Mesoporous and Graphitic Carbide-Derived Carbons as Selective and Stable Catalysts for the Dehydrogenation Reaction
journal contributionposted on 2015-08-25, 00:00 authored by Jan Gläsel, Jiangyong Diao, Zhenbao Feng, Markus Hilgart, Thomas Wolker, Dang Sheng Su, Bastian J. M. Etzold
Dehydrogenation of ethylbenzene to styrene is one of the most important catalytic processes in chemical industry. While it was demonstrated that nanocarbons like nanotubes, nanodiamond, or nanographite show high performance, especially selectivity, these powders give rise to handling problems, high pressure drop, hampered heat and mass transfer, and unclear health risks. More common macroscopic carbon materials like activated carbons show unsatisfying selectivity below 80%. In this study, mesoporous, graphitic, and easy to handle carbon powders were synthesized on the basis of the reactive extraction of titanium carbide in a novel temperature regime. This resulted in extraordinary properties like a mean pore diameter of up to 8 nm, pore volumes of up to 0.90 mL g–1, and graphite crystallite sizes exceeding 25 nm. Exceptional styrene selectivities of up to 95% were observed for materials synthesized above 1300 °C and pretreated with nitric acid. Furthermore, the long-term stability of these non-nanocarbon catalysts could be demonstrated for the first time during 120 h of time-on-stream.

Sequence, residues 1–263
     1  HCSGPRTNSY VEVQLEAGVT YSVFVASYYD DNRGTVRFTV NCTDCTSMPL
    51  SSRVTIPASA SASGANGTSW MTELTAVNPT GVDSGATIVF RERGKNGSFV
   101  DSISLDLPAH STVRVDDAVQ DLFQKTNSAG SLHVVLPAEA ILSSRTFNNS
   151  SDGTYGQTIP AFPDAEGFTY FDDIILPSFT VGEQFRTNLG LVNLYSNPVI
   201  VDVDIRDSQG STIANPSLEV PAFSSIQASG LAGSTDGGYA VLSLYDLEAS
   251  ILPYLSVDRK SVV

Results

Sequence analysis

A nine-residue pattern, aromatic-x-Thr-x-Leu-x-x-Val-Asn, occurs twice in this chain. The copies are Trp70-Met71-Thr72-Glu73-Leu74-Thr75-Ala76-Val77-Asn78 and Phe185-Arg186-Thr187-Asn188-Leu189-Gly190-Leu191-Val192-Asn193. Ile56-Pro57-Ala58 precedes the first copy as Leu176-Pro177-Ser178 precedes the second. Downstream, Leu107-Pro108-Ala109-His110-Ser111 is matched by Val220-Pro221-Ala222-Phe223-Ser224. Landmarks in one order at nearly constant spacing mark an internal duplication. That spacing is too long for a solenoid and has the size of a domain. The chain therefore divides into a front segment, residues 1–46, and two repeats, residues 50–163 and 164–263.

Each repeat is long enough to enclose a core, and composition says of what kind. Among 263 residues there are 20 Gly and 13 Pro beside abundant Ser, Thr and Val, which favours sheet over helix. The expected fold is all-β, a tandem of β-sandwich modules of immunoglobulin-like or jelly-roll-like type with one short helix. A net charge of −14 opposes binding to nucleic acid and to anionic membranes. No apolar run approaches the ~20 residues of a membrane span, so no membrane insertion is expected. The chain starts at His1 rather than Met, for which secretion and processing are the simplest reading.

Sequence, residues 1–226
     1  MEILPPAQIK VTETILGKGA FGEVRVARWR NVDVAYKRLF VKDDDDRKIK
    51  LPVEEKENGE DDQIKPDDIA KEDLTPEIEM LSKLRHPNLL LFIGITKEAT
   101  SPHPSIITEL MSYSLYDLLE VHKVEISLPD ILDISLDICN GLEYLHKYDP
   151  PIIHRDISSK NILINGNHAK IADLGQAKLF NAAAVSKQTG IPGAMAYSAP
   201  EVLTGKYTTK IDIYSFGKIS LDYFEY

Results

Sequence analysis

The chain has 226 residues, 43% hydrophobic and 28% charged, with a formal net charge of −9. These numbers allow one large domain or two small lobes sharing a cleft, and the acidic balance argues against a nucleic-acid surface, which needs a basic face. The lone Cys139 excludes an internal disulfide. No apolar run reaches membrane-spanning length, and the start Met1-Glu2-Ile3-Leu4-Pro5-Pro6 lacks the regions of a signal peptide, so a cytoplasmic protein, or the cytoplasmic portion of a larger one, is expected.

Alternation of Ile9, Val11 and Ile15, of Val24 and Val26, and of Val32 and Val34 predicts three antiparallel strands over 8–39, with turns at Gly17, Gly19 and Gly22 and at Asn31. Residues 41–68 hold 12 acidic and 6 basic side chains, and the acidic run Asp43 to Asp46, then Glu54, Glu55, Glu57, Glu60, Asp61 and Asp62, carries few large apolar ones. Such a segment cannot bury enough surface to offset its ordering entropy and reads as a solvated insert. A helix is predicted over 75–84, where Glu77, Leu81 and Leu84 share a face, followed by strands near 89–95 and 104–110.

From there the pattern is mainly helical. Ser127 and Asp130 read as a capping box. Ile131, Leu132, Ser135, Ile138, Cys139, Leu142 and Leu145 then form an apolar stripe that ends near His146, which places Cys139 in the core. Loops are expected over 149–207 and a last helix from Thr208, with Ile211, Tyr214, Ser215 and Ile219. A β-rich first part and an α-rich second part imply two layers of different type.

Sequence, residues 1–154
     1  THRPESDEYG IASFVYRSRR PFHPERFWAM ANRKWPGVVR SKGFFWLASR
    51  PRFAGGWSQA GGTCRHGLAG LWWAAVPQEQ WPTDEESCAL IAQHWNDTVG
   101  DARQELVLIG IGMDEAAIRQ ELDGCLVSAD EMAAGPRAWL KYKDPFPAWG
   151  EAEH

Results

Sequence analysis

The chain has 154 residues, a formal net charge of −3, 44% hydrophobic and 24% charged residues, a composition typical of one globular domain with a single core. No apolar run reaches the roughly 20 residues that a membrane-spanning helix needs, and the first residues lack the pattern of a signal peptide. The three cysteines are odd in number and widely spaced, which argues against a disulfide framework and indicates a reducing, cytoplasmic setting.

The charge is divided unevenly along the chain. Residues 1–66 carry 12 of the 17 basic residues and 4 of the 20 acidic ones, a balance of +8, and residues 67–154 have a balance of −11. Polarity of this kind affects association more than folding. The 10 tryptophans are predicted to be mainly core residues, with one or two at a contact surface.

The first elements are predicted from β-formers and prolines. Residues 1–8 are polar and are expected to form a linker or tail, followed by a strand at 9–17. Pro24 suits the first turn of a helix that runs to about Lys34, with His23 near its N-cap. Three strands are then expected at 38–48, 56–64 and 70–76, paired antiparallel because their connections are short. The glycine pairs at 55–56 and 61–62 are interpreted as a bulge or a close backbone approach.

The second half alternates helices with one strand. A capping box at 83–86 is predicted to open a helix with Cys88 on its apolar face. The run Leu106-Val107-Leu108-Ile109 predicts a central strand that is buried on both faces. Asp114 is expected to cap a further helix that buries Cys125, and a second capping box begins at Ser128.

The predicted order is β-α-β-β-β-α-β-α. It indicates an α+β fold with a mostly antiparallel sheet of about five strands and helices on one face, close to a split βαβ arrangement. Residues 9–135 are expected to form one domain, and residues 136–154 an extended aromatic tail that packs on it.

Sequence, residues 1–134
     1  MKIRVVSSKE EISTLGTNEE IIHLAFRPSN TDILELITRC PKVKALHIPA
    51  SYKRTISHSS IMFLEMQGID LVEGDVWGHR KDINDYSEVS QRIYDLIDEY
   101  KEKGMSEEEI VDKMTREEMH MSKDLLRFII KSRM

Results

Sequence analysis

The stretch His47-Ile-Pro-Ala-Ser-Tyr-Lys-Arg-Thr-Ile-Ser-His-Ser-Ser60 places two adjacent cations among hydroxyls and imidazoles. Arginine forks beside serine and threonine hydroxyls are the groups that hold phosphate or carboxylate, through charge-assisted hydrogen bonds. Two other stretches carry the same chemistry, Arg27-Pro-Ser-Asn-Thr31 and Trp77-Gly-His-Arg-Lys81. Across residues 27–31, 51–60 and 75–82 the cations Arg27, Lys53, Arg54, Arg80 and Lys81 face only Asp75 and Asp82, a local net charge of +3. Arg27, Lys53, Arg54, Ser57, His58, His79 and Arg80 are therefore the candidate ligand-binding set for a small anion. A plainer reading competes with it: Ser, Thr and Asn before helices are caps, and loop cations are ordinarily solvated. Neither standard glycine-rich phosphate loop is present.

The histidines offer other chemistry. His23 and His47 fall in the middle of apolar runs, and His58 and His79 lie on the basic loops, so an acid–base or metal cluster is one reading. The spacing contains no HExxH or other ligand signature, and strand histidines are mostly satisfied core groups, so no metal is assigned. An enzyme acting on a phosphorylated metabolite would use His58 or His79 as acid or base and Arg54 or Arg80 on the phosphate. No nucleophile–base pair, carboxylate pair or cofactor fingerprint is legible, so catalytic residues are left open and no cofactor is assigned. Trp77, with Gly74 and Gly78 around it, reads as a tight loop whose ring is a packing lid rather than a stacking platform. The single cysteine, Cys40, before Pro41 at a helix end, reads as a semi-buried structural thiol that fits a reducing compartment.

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pressure dropcarbon powdersnovel temperature regimenanographite showStable Catalystsnitric acidselectivity25 nm8 nmpore diameterExceptional styrene selectivitiesmass transferhealth riskstitanium carbidepore volumes120 hmacroscopic carbon materialsDehydrogenation ReactionDehydrogenationchemical industrygraphite crystallite sizesreactive extractionhandling problemscarbons show